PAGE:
He continues to show us just what he is capable of accomplishing with a little time in a system. This week his stats more closely depicted the kind of day he had. 23 of 33, 323 yard passing, 3 touchdowns (one rushing). His lone interception came on his hail mary attempt at the end of the game. He executed screen passes and play action to perfection. Those are the areas in which he has been known to excel. In this game he aired it out more and had great success in it. And while the same can’t be said for this entire Raider team, Campbell played a complete game.
Jared Veldheer, Stefen Wisniewski, Samson Satele
There have been several instances from the start of preseason to now that I have lauded the performances of these three. The left side of this Raiders line has been playing great football for a while. Gallery has departed and Wiz kid has replaced him and this trio has not missed a beat. While Veldheer has been keeping Campbell’s blindside protected, Wiz and Satele have been plowing away road blocks for Raider runners to shoot through. Veldheer also added some nice run blocks to his repertoire in this game.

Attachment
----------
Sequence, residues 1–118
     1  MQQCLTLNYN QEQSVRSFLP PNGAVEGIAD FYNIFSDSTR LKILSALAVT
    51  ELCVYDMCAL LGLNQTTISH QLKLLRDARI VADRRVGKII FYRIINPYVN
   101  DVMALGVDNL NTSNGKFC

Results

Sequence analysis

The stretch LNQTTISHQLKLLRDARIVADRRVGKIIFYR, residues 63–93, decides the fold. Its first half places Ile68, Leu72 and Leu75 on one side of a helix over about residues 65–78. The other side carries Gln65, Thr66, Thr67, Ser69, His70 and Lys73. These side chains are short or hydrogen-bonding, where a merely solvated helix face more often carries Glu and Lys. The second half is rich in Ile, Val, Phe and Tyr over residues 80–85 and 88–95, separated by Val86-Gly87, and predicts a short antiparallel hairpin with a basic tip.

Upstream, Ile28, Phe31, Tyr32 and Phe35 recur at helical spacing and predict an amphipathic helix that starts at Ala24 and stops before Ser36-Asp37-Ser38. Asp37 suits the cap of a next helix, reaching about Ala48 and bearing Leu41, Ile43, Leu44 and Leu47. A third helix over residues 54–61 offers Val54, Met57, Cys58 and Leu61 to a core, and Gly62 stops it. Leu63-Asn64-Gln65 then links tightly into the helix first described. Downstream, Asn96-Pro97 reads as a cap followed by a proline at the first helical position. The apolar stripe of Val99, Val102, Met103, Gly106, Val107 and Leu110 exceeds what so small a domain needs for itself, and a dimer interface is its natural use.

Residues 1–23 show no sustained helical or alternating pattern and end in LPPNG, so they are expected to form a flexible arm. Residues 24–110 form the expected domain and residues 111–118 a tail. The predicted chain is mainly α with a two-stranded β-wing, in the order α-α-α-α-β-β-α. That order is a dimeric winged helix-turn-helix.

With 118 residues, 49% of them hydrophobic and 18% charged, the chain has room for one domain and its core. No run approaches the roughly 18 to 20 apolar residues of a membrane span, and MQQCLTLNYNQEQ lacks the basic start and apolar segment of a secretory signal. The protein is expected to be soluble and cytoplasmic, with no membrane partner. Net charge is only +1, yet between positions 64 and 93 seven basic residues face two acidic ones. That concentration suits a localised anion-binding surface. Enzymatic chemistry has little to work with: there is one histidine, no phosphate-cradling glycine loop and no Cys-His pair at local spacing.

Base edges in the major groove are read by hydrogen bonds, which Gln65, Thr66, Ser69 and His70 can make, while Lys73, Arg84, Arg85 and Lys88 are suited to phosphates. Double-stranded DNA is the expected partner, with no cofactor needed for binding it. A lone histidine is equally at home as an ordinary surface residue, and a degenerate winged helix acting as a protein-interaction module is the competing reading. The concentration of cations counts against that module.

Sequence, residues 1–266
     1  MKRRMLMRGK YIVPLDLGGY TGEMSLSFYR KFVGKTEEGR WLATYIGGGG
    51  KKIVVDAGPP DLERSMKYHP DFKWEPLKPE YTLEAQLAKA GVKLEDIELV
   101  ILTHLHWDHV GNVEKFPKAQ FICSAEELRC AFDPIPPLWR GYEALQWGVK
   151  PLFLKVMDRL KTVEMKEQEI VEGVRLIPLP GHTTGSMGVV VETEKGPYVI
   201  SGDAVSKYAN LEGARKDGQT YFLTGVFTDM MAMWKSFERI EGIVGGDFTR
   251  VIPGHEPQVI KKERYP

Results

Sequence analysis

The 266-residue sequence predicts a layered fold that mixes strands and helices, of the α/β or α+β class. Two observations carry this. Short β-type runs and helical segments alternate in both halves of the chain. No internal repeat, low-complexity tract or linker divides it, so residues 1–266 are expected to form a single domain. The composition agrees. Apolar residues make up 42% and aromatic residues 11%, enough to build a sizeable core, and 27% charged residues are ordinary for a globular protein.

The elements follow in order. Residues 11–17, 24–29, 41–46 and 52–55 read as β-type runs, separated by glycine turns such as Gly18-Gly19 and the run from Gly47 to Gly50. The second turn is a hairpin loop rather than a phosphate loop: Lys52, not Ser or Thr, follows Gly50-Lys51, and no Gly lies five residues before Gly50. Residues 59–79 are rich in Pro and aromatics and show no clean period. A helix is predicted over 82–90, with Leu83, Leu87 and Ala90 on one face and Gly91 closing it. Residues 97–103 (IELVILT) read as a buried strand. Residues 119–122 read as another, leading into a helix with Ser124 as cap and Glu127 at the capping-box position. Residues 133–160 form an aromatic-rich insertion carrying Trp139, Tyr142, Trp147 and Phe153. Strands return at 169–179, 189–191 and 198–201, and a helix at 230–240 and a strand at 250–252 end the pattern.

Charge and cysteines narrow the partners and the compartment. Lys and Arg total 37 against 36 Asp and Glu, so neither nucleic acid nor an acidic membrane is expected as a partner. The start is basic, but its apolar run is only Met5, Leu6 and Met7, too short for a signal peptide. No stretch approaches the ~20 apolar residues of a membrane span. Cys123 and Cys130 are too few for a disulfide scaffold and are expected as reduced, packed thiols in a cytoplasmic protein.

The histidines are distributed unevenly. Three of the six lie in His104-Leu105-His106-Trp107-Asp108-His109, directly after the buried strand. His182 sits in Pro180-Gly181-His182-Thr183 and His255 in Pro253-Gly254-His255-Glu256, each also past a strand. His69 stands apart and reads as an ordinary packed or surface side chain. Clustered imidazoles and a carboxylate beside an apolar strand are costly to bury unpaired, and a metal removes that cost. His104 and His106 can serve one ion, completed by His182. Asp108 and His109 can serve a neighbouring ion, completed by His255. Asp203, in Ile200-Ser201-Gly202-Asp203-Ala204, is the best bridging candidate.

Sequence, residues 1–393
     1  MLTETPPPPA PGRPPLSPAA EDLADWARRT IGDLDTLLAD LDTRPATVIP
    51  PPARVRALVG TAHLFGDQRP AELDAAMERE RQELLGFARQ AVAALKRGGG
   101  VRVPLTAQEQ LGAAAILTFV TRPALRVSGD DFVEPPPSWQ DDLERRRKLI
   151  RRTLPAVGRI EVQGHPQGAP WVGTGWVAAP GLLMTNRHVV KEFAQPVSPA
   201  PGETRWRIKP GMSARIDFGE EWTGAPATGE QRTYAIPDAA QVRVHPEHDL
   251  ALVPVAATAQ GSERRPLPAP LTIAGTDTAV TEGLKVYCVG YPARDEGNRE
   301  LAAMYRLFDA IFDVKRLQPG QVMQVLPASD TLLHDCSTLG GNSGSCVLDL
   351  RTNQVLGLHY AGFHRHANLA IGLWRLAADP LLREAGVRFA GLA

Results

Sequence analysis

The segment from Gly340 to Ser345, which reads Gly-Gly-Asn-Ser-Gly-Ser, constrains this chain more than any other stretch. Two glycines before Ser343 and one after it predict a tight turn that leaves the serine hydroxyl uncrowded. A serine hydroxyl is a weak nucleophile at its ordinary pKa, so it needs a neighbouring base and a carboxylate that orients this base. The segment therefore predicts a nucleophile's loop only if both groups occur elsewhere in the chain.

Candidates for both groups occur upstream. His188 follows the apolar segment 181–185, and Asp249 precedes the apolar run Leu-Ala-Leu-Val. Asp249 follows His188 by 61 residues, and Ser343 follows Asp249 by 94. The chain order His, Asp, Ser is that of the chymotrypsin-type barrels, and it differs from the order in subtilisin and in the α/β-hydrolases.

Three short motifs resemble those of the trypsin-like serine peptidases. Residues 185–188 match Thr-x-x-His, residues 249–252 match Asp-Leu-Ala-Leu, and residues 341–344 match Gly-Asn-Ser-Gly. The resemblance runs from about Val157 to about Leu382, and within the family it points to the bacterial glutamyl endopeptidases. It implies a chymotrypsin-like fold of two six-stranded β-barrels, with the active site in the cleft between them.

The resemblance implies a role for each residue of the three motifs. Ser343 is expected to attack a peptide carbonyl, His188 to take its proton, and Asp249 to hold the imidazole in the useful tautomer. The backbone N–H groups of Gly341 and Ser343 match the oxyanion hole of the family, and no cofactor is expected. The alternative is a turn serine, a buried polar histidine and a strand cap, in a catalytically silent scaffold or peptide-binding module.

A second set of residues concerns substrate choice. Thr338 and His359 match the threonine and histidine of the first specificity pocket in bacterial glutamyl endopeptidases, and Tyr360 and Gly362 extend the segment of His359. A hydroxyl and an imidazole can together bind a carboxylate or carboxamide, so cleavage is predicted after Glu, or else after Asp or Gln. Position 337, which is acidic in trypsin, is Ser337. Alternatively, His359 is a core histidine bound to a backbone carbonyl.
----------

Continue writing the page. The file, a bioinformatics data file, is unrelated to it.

On the first Raider scoring drive, Veldheer blocked for McFadden on two nice runs, the first block was with the Raiders in 4th and one. Wiz had a block on that drive as well. Then he and Satele both came off the line to block for McFadden on a 16 yard screen play two drives later. Satele would also block for Michael Bush to pick up 22 yards on a run that put the Raiders in first and goal at the one yard line. Campbell then snuck in behind them for a touchdown on the next play to go up 21-3. The rest of the day continued this way and none of them gave up so much as pressure on Campbell.
While the defense was crumbling around him, Routt was a bright spot. He didn’t give up a catch in the first quarter. He had one ball thrown at his receiver and he had tight coverage for an incompletion. He started off the second quarter with a nice interception to put the Raiders at the Bills’ 34 yard line where they would drive in for their second touchdown of the day. He would give up 3 catches in this game for a total of 31 yards and he made the tackle on all three of those catches.